core electrons
electrons occupying the inner shell orbitals
effective nuclear charge
charge that leads to the Coulomb force exerted by the nucleus on an electron, calculated as the nuclear charge minus shielding
valence electrons
electrons in the outermost or valence shell (highest value of n) of a ground-state atom; determine how an element reacts

Chemistry End of Section Exercises

  1. Based on their positions in the periodic table, predict which has the smallest atomic radius: Mg, Sr, Si, Cl, I.
  2. Based on their positions in the periodic table, predict which has the largest atomic radius: Li, Rb, N, F, I.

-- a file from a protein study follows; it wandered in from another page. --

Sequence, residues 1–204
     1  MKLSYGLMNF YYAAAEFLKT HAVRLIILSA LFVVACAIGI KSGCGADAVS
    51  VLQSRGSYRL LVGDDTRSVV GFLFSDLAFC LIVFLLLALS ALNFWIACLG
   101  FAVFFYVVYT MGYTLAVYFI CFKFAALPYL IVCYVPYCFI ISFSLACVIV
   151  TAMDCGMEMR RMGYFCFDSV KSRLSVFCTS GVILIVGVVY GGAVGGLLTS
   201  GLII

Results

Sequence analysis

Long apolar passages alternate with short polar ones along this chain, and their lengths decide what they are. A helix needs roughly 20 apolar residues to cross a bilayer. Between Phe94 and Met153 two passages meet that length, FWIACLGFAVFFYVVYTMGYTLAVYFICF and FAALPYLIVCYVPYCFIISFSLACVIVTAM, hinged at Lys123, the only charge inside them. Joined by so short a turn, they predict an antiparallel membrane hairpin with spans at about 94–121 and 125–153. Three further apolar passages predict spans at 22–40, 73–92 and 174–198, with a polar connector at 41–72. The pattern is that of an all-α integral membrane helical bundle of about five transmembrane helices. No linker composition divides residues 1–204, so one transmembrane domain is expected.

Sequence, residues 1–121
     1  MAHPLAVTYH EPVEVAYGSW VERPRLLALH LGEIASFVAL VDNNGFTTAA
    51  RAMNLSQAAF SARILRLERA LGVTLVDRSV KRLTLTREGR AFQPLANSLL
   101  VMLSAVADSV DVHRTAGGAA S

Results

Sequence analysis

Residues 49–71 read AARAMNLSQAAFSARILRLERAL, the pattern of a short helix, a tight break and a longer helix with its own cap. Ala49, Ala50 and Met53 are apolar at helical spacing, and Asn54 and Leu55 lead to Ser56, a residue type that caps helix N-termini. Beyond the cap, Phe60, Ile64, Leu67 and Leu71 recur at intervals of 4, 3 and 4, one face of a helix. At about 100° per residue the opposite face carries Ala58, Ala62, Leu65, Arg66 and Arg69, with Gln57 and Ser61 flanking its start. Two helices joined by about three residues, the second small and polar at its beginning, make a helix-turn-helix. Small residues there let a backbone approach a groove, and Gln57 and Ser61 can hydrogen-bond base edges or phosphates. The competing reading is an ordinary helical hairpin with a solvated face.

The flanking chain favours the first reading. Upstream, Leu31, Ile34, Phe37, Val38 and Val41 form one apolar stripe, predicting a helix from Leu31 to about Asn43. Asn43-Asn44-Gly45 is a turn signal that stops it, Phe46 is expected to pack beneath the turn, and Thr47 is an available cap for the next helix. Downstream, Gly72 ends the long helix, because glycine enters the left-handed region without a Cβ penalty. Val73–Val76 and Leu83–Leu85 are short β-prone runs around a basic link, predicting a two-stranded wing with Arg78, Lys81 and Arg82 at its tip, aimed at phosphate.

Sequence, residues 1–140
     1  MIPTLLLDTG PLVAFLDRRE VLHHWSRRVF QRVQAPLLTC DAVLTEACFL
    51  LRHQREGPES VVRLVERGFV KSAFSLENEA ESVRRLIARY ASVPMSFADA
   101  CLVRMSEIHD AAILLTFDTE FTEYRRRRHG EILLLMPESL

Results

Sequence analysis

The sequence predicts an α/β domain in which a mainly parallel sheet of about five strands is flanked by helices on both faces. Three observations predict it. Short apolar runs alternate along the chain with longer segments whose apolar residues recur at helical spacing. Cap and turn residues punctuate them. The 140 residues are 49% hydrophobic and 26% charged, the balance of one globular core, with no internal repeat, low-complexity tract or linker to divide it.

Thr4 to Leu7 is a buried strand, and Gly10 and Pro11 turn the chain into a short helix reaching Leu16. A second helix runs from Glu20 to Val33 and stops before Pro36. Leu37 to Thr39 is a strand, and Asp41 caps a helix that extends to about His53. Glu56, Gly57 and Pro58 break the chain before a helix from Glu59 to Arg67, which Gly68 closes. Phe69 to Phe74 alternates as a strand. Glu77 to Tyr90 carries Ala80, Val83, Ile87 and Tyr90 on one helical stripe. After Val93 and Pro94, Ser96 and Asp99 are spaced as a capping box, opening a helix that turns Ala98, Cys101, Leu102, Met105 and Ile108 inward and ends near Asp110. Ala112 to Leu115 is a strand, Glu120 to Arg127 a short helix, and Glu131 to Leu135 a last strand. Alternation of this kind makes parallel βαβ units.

3. Atoms of which group in the periodic table have a valence shell electron configuration of ns2np3?
  4. Atoms of which group in the periodic table have a valence shell electron configuration of ns2?
  5. Based on their positions in the periodic table, list the following atoms in order of increasing radius: Mg, Ca, Rb, Cs.
  6. Based on their positions in the periodic table, list the following atoms in order of increasing radius: Sr, Ca, Si, Cl.

Answers to Chemistry End of Section Exercises

  1. Cl
  2. Rb
  3. 15 (5A)
  4. 2 (2A)
  5. Mg < Ca < Rb < Cs
  6. Cl < Si < Ca < Sr
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Chem 103/104 Resource Book by crlandis and Chem 104 Textbook Team is licensed under a Creative Commons Attribution-NonCommercial-ShareAlike 4.0 International License, except where otherwise noted.